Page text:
Benign emptying of the postpneumonectomy space

Robert E. Merritt, Scott I. Reznik, Marcelo C. Dasilva, David J. Sugarbaker, Richard I. Whyte, Dean M. Donahue, Chuong D. Hoang, W. Roy Smythe, Joseph B. Shrager

Research output: Contribution to journalArticlepeer-review

14 Scopus citations


Background: A fall in the postpneumonectomy fluid level is considered a sign of bronchopleural fistula (BPF) requiring surgical intervention. We have discovered however that in rare asymptomatic patients, this event may not require aggressive surgical treatment. Methods: After seeing a case of benign emptying of the postpneumonectomy space (BEPS), we surveyed 28 surgeons to determine its incidence and characteristics. Results: Forty-four cases of BEPS were reported by 23 survey respondents. Among 7 fully documented cases from 4 institutions, we defined the following criteria: the patient must be asymptomatic (no fever, white cell count elevation, or fluid expectoration), negative culture results if fluid sampled (patient not receiving antibiotics), no BPF at bronchoscopy or ventilation scintigraphy scan (or both), and recovery without drainage, or retrospective assessment that the intervention was unnecessary. BEPS occurred between 5 days and 152 days after pneumonectomy (6 cases right pneumonectomy and 1 case left pneumonectomy). Four patients underwent no treatment, 1 patient underwent thoracoscopic exploration (sterile) and closure after antibiotic irrigation, 1 patient underwent thoracoscopic exploration alone, and 1 patient underwent open window thoracostomy (sterile) with eventual closure. In all 7 patients (except the patient who underwent the open window procedure) the space refilled within 8 weeks; no patient experienced a subsequent empyema/BPF. Four patients who met the initial criteria for BEPS went on to experience empyema. The incidence of BEPS appears related to pneumonectomy volume, particularly extrapleural pneumonectomy. Using surgeon volume assumptions, the incidence of BEPS is 0.65%. Conclusions: To our knowledge, BEPS is a previously unreported occurrence. We hypothesize that it results from postoperative intrapleural pressure shifts, with or without a microscopic BPF, that drive fluid out of the pleural space while failing to cause contamination. Awareness of BEPS' existence may allow surgeons to safely avoid open drainage procedures occasionally in patients who experience an asymptomatic fall in fluid level.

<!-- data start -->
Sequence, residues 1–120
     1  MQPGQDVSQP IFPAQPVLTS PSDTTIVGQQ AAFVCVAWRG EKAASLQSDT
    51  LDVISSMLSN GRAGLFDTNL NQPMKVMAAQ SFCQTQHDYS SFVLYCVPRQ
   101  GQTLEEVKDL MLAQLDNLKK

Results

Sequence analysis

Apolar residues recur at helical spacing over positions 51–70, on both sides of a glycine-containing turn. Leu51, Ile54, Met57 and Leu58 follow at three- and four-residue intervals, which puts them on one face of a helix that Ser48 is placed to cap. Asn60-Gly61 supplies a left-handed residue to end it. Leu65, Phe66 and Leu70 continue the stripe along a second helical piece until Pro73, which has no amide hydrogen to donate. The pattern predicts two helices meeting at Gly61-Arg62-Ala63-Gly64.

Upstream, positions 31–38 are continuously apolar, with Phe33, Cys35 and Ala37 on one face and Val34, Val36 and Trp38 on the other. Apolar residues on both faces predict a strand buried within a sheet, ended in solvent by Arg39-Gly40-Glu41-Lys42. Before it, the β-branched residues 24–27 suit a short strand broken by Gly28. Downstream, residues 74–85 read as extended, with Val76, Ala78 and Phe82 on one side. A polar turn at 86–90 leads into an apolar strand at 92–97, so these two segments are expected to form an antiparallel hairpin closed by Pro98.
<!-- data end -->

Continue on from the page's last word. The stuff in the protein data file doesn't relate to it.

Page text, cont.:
Original languageEnglish (US)
Pages (from-to)1076-1082
Number of pages7
JournalAnnals of Thoracic Surgery
Issue number3
StatePublished - Sep 1 2011

ASJC Scopus subject areas

  • Surgery
  • Pulmonary and Respiratory Medicine
  • Cardiology and Cardiovascular Medicine


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